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Gremista winter times 2018 19

Fisherman says ‘we’re not going anywhere’

| Written by Chris Cope

Access to Toft pier had been restricted for some time Access to Toft pier had been restricted for some time A LOCAL fisherman has vowed to continue using a small pier in the north mainland to land shellfish despite moves by Shetland Islands Council to close it over safety fears.

The dilapidated pier at Toft, which has not been repaired in years has now developed a second hole, is set to be fenced off as soon as this weekend.

Sidney Johnson, skipper of the Golden Shore scallop boat, said shell fishermen would continue to use the pier despite the council's orders as suggested alternatives - such as Collafirth or Sellaness - were not suitable due to their location.

"We're not stopping using the pier. We're not going anywhere until they provide us with a good alternative," Johnson said.

SIC infrastructure director Maggie Sandison said if people continue to use the pier against the council's orders then the local authority may look into demolishing the structure, which would cost as much as £600,000.

Johnson claimed the council had failed fishermen by allowing the pier to fall into disrepair.

Sandison responded by saying the council was not generating enough income from the pier, as fishermen were not paying all the landing levies the SIC was due.

Meanwhile, plans to invest between £1.5 and £2 million into a new Toft pier appear to be more and more unrealistic and have been described as not financially viable.

Sidney Johnson (not at Toft pier) 'We’re not stopping using the pier' - Photo: Hans J Marter/Shetland News Sidney Johnson (not at Toft pier) 'We’re not stopping using the pier' - Photo: Hans J Marter/Shetland News Johnson said skippers don't want to pay the levy, which is 2.5p in every pound made from landings, because the pier has fallen into disrepair and isn't in line with acceptable standards.

"Our argument is, if the levy is in line with the rest of Scotland, then they'd need to bring their piers in line with the rest of Scotland," the shell fisherman said.

"Toft up to not long ago didn't have any proper running water, it didn't even have a tap on it. It doesn't have any power, or any proper access due to the state that it's in."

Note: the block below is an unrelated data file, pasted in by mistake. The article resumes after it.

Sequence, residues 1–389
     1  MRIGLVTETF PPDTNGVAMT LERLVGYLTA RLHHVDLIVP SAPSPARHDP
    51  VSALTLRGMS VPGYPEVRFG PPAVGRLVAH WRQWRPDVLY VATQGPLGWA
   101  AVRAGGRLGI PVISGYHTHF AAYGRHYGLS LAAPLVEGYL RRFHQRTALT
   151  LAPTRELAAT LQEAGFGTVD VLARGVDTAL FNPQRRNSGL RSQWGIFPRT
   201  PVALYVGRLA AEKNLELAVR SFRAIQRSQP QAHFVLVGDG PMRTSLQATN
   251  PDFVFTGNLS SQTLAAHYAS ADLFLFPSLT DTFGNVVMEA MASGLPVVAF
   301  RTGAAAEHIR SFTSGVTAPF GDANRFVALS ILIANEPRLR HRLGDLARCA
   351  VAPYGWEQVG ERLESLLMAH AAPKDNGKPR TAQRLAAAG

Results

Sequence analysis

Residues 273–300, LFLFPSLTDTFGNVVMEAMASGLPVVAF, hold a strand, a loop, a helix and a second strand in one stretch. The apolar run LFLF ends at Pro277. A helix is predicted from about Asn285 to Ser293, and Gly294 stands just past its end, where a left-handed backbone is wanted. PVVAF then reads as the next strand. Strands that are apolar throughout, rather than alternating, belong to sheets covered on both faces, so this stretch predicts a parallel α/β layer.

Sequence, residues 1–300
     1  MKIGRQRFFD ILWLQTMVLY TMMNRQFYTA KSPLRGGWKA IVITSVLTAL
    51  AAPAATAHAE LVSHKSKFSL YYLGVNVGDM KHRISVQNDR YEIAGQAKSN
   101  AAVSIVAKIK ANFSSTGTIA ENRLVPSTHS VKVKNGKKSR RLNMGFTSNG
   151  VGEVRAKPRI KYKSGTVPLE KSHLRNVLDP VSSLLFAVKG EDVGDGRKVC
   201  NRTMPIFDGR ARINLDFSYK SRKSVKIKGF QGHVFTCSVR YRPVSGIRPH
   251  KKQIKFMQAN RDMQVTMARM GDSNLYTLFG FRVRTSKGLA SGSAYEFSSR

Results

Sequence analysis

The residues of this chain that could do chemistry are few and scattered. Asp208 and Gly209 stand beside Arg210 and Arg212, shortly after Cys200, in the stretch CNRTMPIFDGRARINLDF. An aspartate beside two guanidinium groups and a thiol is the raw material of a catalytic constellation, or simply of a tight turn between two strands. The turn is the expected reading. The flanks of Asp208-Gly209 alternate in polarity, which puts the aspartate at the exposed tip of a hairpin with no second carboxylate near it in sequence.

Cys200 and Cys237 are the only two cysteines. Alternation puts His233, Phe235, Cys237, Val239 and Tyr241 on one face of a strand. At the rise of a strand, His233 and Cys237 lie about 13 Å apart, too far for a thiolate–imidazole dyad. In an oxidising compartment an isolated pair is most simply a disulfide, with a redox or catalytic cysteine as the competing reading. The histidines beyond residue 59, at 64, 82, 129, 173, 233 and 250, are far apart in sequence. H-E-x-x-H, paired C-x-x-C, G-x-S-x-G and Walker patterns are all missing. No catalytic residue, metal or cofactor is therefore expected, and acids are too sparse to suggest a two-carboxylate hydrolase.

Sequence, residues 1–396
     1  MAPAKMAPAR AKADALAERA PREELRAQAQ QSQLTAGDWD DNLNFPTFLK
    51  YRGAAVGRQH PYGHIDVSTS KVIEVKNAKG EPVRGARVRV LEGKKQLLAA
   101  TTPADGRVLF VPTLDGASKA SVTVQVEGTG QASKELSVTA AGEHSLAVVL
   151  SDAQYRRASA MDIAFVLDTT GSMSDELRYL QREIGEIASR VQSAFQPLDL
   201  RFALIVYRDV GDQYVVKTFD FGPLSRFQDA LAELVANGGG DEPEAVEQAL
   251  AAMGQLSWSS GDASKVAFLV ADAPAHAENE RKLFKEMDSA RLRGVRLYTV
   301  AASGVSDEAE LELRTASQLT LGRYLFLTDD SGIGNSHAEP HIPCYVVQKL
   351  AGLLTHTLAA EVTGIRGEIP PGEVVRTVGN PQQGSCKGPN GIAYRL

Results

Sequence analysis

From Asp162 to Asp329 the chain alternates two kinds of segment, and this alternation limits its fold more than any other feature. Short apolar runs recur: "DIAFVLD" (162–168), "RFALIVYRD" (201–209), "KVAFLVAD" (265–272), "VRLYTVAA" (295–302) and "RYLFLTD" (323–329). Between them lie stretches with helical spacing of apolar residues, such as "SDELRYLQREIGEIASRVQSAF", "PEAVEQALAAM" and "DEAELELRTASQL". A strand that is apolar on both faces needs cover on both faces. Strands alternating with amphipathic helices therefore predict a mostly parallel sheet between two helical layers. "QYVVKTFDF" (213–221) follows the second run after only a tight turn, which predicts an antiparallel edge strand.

Johnson said a hole formed around two years ago when a forklift carrying salmon feed breached weight limits on the pier, but nothing had been done to fix it, with the condition progressively getting worse.

Sandison said that the council's past spending history has meant less money was available to maintain the local authority's assets, with the Toft pier suffering as a result.

"Our biggest issue at the moment is that we have looked at the business case for a replacement pier and you cannot justify the investment in the Toft pier from the economic benefits that it delivers to the community, and the income that the council generates," she said.

"Part of that is that we don't generate any income really from the pier. People are not actually paying all of the dues that the council would expect based on the declared landings.

"One of the issues is that our income generation from the facilities that we provide isn't being realised, so when we're looking at whether we invest in the new Scalloway fish market, or replacing a pier, clearly the Scalloway fish market makes a lot of money for the council, whereas the Toft pier costs a lot of money and doesn't make money for the council."

But Johnson said the pier could be improved by spending a "few thousand on it".

"We're willing to do that ourselves actually. Or they could provide us with this pontoon system they're suggesting, but a pontoon is far from ideal for commercial fishing boats," he said.


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